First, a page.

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Switching from a Mac to a PC: Five lessons from an Apple fanboy


Macs and PCs (such the Acer TimelineX laptop, pictured above) offer slightly different keyboard layouts. Mac keyboards, for example, use a different scheme for producing accented characters. (Amazon)

3. Switching keys can be hard (but you can reassign them in a pinch)

The PC's keyboard layout is just different enough from the Mac's to make me trip up from time to time. The most obvious difference is the Mac's use of "Cmd" as the primary modifier key as opposed to "Ctrl" on the PC. I'm used to hitting "Cmd" to the left of the space bar, rather than "Ctrl" at the lower-left corner of the keyboard. I imagine I'll soon get used to it, but if things get too dire I can always break out SharpKeys to remap those keys. I could duplicate the Mac's key order by reassigning what the "Alt," Windows, and "Ctrl" keys do when pressed.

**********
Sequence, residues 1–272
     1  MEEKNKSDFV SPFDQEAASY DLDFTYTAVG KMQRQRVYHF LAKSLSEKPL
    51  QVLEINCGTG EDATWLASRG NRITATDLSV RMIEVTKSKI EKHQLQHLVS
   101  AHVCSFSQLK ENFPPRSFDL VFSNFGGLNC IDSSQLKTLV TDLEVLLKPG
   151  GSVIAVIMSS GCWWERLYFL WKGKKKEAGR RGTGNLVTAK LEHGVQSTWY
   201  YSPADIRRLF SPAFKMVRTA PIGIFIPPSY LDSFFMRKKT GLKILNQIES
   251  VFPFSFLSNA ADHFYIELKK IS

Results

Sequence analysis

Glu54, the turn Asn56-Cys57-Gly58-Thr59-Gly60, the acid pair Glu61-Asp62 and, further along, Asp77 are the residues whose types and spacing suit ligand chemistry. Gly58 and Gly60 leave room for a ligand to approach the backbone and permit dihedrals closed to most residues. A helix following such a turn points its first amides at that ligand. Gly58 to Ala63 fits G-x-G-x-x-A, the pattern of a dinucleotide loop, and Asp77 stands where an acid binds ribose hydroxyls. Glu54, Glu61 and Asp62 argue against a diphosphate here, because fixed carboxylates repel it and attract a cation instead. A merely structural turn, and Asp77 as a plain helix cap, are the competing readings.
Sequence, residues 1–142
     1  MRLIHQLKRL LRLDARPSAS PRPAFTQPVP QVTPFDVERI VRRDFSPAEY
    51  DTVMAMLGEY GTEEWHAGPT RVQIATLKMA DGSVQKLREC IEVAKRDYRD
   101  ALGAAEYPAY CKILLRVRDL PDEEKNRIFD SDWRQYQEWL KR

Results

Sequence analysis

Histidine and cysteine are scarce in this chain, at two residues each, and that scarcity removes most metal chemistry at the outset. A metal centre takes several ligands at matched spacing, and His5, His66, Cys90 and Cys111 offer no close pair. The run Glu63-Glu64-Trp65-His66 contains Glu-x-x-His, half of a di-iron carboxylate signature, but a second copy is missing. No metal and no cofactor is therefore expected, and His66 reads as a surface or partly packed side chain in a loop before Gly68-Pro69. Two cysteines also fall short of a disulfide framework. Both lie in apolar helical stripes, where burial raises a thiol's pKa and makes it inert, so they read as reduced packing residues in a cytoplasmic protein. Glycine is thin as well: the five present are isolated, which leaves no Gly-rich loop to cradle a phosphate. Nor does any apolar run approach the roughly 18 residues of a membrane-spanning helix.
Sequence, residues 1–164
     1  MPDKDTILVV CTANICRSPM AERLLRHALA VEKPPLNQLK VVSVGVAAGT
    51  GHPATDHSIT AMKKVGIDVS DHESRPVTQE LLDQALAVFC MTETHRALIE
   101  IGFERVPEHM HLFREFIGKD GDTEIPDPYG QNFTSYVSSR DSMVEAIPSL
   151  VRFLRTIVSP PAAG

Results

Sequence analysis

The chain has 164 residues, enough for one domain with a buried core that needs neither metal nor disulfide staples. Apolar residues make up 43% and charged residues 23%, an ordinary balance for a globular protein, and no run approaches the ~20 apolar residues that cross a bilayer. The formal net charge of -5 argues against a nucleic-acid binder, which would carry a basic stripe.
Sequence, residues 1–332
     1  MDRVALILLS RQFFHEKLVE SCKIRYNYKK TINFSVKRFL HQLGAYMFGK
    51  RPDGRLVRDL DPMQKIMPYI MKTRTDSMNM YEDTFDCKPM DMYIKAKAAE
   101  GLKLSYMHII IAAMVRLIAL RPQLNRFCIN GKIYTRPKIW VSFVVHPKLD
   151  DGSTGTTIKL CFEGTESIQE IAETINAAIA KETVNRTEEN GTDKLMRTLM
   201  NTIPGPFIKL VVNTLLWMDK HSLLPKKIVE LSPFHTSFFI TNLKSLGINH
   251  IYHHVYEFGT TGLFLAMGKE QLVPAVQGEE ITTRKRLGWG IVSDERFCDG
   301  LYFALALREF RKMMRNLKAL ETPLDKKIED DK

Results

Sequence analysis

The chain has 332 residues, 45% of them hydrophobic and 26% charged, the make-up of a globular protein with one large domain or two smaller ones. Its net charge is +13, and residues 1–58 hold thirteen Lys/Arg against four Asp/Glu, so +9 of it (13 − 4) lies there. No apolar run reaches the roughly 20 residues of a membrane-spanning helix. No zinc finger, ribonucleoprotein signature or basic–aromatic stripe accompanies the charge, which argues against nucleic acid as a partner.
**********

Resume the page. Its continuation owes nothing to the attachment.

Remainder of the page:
I've also had to relearn how to insert special characters with keyboard combinations. Macs offer persistent, system-wide shortcuts for foreign-language accents and tildes (for example, pressing Alt + n, then n again, gives an n with a tilde over it). Windows offers similar functionality (for example, ctrl + :, then u, gives a u with an umlaut over it), but those shortcuts don't seem to be consistent across the whole OS. Neither LibreOffice nor Google Docs, two popular word processors, seem to support these combinations, although Microsoft Office does. It would be a shame to have to memorize Unicode characters, or mess around with the "insert special character" palette, just to type accents when I need them.

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